- Nadia Eke gave reasons why she chose to wear the colors of Ghana instead of Nigeria at the Tokyo 2020 Olympics
- The half-Nigerian will be contending for honours for Ghana in the triple jump event of the games
- The 28-year-old has won several medals at the African Athletics Championship but is yet to win a laurel at a world event
Nadia Eke is a Ghanaian triple jumper who will be competing at the Tokyo 2020 Olympic Games and one would wonder why she did not choose the green and white flag of Nigeria.
The 28-year-old was born to a Nigerian father and a Ghanaian mother but claims she chose the latter from the former because of originality.
The Columbia University graduate told BBC:
"I chose to compete for Ghana in 2014 because being Ghanaian is my blood.
"It's authentically who I am and so for me to be selected as the flagbearer was a testament to all of the things that I've been through, everything thing that I stand for in that moment, to be that person that is representing Ghana."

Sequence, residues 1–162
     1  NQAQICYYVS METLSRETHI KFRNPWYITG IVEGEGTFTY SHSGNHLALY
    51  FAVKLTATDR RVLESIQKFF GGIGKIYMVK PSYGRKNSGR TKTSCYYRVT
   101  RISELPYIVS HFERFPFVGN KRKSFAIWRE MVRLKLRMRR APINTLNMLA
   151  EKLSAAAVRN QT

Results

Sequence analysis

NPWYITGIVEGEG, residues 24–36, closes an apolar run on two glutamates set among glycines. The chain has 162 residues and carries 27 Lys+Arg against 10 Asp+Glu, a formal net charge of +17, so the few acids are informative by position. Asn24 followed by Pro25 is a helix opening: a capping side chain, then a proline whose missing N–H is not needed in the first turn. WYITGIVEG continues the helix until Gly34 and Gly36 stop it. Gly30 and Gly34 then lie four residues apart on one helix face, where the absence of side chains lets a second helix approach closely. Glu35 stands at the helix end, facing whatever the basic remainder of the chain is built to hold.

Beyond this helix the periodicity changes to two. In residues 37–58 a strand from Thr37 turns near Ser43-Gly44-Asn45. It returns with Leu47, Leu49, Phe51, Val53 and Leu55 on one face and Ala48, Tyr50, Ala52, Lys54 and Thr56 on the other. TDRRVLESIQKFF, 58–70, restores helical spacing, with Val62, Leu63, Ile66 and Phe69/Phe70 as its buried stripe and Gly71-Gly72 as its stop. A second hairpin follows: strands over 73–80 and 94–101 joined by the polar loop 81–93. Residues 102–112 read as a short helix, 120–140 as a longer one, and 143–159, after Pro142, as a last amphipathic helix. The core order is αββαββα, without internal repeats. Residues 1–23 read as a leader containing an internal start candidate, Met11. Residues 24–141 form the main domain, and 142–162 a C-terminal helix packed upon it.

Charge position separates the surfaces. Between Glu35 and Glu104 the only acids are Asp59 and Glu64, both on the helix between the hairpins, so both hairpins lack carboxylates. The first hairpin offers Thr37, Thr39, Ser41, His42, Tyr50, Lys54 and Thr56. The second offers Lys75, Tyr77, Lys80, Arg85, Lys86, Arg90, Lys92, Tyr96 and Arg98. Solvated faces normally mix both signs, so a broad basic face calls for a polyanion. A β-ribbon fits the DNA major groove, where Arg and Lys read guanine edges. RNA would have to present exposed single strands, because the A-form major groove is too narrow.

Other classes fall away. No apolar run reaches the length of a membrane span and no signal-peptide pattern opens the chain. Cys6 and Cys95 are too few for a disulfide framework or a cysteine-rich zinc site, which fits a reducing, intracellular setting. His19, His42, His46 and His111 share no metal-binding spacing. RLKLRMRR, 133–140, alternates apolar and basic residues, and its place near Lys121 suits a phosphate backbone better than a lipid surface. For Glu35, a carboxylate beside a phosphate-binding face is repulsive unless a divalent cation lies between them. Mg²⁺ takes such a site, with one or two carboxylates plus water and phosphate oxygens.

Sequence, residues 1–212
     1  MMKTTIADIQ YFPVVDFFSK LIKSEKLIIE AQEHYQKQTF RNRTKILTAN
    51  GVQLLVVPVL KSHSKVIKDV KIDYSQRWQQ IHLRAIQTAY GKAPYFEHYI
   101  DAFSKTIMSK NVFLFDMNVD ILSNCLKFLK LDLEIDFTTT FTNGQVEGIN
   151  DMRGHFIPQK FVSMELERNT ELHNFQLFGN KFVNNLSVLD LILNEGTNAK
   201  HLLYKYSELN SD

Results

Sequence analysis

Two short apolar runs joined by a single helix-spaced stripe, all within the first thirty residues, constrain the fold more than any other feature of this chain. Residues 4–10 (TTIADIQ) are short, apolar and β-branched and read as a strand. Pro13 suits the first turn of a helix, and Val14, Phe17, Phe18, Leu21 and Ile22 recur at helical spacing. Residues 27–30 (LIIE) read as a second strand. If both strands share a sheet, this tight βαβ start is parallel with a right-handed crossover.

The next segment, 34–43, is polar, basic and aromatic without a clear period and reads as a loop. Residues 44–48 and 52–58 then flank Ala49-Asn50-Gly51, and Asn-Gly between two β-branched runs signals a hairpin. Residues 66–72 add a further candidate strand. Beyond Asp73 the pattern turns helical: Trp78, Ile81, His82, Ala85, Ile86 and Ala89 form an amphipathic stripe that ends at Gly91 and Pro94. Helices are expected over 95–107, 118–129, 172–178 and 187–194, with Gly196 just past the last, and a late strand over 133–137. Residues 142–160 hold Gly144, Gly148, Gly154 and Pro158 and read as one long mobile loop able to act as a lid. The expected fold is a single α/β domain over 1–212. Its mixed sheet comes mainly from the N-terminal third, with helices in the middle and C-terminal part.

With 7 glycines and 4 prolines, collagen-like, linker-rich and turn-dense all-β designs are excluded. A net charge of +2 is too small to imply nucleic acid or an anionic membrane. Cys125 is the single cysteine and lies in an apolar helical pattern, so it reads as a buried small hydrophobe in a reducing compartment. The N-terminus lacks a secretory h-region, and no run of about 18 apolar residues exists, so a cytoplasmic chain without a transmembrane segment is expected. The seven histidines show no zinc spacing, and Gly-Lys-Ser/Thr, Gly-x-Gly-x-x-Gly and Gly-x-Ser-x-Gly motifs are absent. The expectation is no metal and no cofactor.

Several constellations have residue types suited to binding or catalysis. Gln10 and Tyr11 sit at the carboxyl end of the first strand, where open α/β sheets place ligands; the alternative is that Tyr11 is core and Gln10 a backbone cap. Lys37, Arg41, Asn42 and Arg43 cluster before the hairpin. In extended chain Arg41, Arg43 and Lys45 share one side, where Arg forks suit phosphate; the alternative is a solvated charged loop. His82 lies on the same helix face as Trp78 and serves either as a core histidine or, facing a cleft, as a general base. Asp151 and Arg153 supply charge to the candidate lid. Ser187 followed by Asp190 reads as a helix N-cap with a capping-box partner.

Eke competed at the World Athletics Championships in 2019 also validated her choice of picking Ghana over Nigeria was due to her preference in jollof rice.
"I am Nigerian and I'm Ghanaian and so if anyone has the best answer is me.
"My mother is Ghanaian and my father is Nigerian."
"I asked my father this myself. 'I said which country has the best jollof? And he said; "I ended up marrying a Ghanaian woman."
"So it goes without saying Ghanaian jollof."
Confusion as Nigerian athletes storm the streets of Tokyo to protest their disqualification from Olympics
Meanwhile, Legit.ng had earlier reported that ten Nigerians have been banned from competing at the Tokyo 2020 Olympic Games the Athletes Integrity Unit (AIU) have declared them ineligible for doping and non-anti-doping issues, Premium Times.
Out of the 18 athletes suspended from participating in the Games, Team Nigeria are the most affected country.
The AIU explained that the respective national federations of countries are responsible for ensuring appropriate anti-doping measures are in place in their respective jurisdictions.